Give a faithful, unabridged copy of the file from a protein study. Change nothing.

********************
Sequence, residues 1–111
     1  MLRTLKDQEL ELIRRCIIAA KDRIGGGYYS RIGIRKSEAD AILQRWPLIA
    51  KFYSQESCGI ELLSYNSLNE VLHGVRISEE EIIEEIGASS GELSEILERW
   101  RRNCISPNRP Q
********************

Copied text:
Sequence, residues 1–111
     1  MLRTLKDQEL ELIRRCIIAA KDRIGGGYYS RIGIRKSEAD AILQRWPLIA
    51  KFYSQESCGI ELLSYNSLNE VLHGVRISEE EIIEEIGASS GELSEILERW
   101  RRNCISPNRP Q